Nivolumab is not an effective single-agent treatment for patients with advanced uterine leiomyosarcoma that progresses after at least 1 prior line of therapy, according to a study published in Cancer.1

Uterine sarcoma, which make up about 3% of uterine cancers, often display infiltration of tumor-associated macrophages, which may explain suppression of T cell function. For this phase 2 trial, researchers evaluated whether nivolumab, an immune checkpoint inhibitor, would effectively treat patients with uterine leiomyosarcoma who progressed after at least 1 prior therapy line.

Of 12 enrolled patients, 4 had 1 prior treatment line, 2 had 2 prior treatment lines, and 6 had at least 3 prior treatment lines. All patients were previously treated with a gemcitabine-based regimen.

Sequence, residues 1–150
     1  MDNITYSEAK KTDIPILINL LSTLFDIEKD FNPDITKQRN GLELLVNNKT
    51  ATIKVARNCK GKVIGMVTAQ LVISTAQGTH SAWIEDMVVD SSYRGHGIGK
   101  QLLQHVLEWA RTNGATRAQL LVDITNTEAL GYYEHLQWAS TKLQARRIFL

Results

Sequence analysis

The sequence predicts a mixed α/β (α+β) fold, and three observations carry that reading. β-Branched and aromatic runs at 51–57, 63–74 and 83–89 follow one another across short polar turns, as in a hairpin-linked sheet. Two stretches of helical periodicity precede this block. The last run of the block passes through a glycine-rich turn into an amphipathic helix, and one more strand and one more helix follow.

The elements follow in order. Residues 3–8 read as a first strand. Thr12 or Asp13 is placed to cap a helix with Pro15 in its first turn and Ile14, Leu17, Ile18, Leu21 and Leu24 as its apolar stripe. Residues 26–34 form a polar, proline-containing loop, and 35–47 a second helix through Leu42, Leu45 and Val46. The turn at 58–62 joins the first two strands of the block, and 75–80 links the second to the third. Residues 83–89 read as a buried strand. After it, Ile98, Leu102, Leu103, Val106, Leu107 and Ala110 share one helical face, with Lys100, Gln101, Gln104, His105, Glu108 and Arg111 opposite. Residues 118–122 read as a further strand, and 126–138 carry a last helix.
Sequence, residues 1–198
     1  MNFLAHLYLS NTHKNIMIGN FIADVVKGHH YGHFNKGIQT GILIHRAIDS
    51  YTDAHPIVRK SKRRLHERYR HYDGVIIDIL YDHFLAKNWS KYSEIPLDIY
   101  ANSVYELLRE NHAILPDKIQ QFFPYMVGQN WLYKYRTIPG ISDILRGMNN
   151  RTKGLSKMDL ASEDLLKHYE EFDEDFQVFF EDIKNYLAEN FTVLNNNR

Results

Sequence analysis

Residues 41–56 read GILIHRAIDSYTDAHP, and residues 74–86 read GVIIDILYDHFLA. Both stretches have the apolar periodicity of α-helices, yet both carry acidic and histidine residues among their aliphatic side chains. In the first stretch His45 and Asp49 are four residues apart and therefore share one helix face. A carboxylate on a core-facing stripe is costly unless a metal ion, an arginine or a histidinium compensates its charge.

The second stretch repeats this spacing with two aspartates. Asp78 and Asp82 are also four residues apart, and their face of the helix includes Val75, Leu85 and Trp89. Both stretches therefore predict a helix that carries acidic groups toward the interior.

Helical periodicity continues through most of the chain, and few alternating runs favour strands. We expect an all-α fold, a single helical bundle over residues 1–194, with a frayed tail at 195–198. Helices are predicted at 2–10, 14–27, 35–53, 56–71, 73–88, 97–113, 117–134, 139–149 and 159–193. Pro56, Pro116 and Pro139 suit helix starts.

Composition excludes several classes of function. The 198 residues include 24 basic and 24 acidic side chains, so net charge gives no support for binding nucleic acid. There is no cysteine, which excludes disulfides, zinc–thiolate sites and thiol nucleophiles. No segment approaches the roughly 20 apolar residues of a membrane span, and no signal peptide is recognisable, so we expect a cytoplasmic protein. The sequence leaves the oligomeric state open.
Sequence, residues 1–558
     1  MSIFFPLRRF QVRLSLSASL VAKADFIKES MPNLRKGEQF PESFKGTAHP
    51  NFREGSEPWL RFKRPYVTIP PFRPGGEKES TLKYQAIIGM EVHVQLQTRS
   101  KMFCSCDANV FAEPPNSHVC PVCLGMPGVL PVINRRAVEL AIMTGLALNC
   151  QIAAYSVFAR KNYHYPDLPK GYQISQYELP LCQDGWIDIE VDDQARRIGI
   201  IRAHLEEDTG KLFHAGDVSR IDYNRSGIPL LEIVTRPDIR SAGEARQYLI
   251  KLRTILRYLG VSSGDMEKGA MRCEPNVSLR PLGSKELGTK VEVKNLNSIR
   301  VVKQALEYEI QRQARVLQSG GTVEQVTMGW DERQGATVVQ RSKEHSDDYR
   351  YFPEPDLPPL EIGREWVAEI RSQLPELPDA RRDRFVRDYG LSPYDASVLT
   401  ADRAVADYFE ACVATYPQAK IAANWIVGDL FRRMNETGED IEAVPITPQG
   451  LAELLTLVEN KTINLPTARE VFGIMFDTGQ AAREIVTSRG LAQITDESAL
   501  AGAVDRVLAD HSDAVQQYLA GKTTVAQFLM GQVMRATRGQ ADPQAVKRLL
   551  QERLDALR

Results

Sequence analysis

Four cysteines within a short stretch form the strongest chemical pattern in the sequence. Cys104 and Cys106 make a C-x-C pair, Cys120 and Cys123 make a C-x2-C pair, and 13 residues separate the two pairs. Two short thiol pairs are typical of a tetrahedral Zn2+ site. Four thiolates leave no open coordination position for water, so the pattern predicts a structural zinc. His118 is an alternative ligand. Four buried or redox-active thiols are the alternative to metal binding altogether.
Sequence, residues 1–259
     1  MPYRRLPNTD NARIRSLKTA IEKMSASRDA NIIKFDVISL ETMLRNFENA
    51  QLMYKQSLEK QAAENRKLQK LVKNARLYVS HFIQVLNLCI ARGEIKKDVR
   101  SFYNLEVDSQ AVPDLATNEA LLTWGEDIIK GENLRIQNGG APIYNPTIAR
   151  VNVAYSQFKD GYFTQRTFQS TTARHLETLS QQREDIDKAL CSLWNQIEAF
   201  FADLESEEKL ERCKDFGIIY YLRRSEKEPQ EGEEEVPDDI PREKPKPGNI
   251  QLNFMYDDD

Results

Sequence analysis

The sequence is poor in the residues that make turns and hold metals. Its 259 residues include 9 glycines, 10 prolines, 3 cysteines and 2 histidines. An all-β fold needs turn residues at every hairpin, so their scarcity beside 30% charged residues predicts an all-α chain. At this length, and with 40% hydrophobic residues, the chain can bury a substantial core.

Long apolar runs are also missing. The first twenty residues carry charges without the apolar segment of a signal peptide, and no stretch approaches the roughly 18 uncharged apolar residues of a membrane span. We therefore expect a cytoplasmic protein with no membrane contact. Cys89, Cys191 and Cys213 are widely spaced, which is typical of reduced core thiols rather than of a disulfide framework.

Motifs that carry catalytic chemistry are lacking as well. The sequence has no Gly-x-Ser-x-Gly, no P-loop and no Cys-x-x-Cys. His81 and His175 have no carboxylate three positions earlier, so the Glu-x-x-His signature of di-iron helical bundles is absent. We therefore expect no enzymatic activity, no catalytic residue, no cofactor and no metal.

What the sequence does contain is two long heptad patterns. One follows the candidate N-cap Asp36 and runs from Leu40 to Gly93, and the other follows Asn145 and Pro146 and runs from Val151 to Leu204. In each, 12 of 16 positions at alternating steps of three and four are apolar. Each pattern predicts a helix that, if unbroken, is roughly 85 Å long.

All patients received nivolumab 3 mg/kg intravenously on day 1 of 2-week cycles. Nine patients discontinued treatment for disease progression, 1 patient had unconfirmed progression, and 2 patients discontinued at investigator’s/patient’s decision.

The objective response rate was 0%.

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Grade 3 or worse toxicities “definitely” related to treatment included increased serum amylase and increased lipase.

The authors concluded that although nivolumab did not induce a response in any of these patients, the presence of tumor-associated macrophages in this setting may be a promising treatment avenue for novel combinations.

Reference

  1. Ben-Ami E, Barysauskas CM, Solomon S, et al. Immunotherapy with single agent nivolumab for advanced leiomyosarcoma of the uterus: results of a phase 2 study. Cancer. 2017 Apr 26. doi: 10.1002/cncr.30738 [Epub ahead of print]